i386 system bootstrapping
The PC AT clones will perform a POST (Power On Self Test) upon being booted cold. This test will find and initialize memory, keyboard, and other devices. It will search for and initialize any extension ROMs that are present, and then attempt to boot the operating system from an available boot drive. Failing this, older IBM systems come up in ROM BASIC.
The newer PC AT clones attempt to boot off the drive specified in the BIOS setup, or if it is an older BIOS, it will start with checking for a disk in floppy drive A (otherwise known as drive 0) first, and failing that, attempt to boot the hard disk C (otherwise known as hard disk controller 1, drive 0).
The BIOS loads the first block (at physical location: track 0, head 0, sector 1) off the boot device into memory, and if the last two bytes in the block match the signature 0xAA55, the BIOS considers the block a valid bootable drive. The BIOS then proceeds to call the machine code program in this block. If the BIOS is current, it will also pass the boot drive to the boot block in register %dl.
There are two different types of boot blocks on devices. There is the MBR (master boot record) and the PBR (partition boot record). A digression into a little piece of history will quickly give light as to why this is so. In the beginning, the PC “architecture” came with single or dual floppy drives, and no hard drives. The only type of bootable sectors on any device were the PBRs. They were responsible for loading the rest of the operating system from the correct device. When hard disks came out, it was felt that such a huge space should be able to be partitioned into separate drives, and this is when the MBR was invented.
The MBR relocates itself upon being loaded and invoked by the BIOS. Embedded within the MBR is a partition table, with four partition table entries. The MBR code traverses this table (which was loaded with the MBR by the BIOS), looking for an active entry, and then loads the MBR or PBR from the disk location specified by the partition table entry. So in reality, the MBR is nothing more than a fancy chaining PBR.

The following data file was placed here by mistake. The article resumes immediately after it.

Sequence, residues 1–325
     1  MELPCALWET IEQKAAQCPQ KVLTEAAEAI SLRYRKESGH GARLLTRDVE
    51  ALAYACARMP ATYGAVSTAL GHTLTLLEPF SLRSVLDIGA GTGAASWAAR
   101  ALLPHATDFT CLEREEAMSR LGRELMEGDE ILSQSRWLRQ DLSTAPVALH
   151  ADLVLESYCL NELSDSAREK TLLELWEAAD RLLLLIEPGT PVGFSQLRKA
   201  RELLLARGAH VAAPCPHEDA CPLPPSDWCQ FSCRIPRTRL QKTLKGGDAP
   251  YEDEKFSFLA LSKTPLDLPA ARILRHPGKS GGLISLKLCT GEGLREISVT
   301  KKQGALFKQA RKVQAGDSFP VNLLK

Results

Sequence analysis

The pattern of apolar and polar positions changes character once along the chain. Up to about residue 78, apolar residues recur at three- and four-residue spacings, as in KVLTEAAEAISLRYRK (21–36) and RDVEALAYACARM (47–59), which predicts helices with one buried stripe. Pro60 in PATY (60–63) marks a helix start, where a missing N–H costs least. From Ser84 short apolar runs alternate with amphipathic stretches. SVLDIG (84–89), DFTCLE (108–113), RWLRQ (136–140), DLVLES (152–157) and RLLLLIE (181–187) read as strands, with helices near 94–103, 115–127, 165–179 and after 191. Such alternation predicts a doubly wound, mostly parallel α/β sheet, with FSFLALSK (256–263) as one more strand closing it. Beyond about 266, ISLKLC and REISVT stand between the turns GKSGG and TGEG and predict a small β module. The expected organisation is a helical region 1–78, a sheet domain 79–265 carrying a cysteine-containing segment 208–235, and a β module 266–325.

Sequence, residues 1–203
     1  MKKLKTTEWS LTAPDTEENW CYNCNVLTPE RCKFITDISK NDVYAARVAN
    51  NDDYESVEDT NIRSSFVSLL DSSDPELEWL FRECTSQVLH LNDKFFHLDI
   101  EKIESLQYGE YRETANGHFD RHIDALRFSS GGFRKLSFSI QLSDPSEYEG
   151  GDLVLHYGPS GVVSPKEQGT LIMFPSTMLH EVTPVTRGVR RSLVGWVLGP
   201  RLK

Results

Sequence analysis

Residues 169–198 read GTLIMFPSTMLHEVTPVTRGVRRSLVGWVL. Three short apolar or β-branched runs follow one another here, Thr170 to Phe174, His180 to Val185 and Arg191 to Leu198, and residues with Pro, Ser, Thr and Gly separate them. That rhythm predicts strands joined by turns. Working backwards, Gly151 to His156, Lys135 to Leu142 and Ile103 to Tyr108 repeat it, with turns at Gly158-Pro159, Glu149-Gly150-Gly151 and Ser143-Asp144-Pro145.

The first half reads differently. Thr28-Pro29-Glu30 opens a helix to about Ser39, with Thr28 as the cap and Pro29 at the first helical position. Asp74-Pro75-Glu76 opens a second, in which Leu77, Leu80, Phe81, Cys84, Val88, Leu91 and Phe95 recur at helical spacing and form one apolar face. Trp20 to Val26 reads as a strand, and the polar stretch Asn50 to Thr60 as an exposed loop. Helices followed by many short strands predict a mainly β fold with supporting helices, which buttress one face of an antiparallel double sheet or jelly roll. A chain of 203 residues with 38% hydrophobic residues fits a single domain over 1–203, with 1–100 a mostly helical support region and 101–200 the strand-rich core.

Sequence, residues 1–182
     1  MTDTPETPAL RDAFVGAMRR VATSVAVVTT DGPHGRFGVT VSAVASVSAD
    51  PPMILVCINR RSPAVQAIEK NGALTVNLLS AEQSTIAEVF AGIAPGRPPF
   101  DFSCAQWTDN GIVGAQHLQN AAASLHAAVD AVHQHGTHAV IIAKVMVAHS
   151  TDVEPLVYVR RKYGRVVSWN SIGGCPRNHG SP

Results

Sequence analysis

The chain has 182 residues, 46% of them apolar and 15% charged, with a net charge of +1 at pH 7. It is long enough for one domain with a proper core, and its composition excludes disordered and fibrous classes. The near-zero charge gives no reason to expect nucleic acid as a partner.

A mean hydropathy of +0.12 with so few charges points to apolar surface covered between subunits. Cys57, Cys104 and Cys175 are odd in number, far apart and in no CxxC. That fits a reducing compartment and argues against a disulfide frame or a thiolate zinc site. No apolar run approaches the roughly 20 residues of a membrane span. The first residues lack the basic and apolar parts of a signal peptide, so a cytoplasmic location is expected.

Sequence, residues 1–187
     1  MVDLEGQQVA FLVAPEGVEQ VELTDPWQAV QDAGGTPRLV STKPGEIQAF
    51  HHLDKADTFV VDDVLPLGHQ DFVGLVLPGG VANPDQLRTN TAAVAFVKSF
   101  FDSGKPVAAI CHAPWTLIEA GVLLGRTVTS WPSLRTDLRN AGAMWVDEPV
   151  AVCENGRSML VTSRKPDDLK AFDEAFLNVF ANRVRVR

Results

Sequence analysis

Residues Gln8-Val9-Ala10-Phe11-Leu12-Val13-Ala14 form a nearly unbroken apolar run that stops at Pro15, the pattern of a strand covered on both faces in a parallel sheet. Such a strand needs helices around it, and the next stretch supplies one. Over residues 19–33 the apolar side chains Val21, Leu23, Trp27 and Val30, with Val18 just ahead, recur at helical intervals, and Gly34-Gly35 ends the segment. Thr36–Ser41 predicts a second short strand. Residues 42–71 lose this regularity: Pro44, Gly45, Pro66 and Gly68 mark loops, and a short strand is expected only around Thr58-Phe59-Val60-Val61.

Note: The MBR could load another MBR, which is the case when you are booting off an extended partition. In other words, the first block of an extended partition is really an MBR, which will then load the corresponding MBR or PBR out of its extended partition's partition table.
WARNING: This portion of the “PC BIOS Architecture” is a mess, and a compatibility nightmare.
The PC BIOS has an API to manipulate any disk that the BIOS happens to support. This interface uses 10 bits to address the cylinder, 8 bits to address the head, and 6 bits to address the sector of a drive. This restricts any application using the BIOS to being able to address only 1024 cylinders, 256 heads, and 63 (since the sectors are 1 based) sectors on a disk. These limitations proved to be fine for roughly 3 years after the debut of hard disks on PC computers.
Many (if not all) newer drives have many more cylinders than the BIOS API can support, and likely more sectors per track as well. To allow the BIOS the ability of accessing these large drives, the BIOS would “re-map” the cylinder/head/sector of the real drive geometry into something that would allow the applications using the BIOS to access a larger portion of the drive, still using the restricted BIOS API.
The reason this has become a problem is that any modern OS will use its own drivers to access the disk drive, bypassing the BIOS completely. However, the MBR, PBR, and partition tables are all still written using the original BIOS access methods. This is for backwards compatibility to the original IBM PC!
So the gist of it is, the MBR, PBR, and partition table need to have BIOS geometry offsets and cylinder/head/sector values for them to be able to load any type of operating system. This geometry can, and likely will, change whenever you move a disk from machine to machine, or from controller to controller. They are controller and machine specific.
Boot process options
On most OpenBSD systems, booting OpenBSD from the BIOS will eventually load the OpenBSD-specific i386 bootstrapping code. This versatile program is described in a separate document, boot(8). Other bootstrapping software may be used, and can chain-load the OpenBSD bootstrapping code, or directly load the kernel. In the latter case, refer to your bootloader documentation to know which options are available.
Abnormal system termination
In case of system crashes, the kernel will usually enter the kernel debugger, ddb(4), unless it is not present in the kernel, or it is disabled via the ddb.panic sysctl. Upon leaving ddb, or if ddb was not entered, the kernel will halt the system if it was still in device configuration phase, or attempt a dump to the configured dump device, if possible. The crash dump will then be recovered by savecore(8) during the next multi-user boot cycle. It is also possible to force other behaviours from ddb.
- default system kernel
- single processor capable kernel
- multiprocessor capable kernel
- standalone installation kernel, suitable for disaster recovery
- system MBR image
- system primary stage bootstrap (PBR)
- system second stage bootstrap (usually also installed as /boot)
- PXE bootstrap
ddb(4), boot(8), halt(8), init(8), installboot(8), pxeboot(8), reboot(8), savecore(8), shutdown(8)
The “PC BIOS Architecture” makes this process very prone to weird and wonderful interactions between different operating systems.
There is no published standard to the MBR and PBR, which makes coding these a nightmare.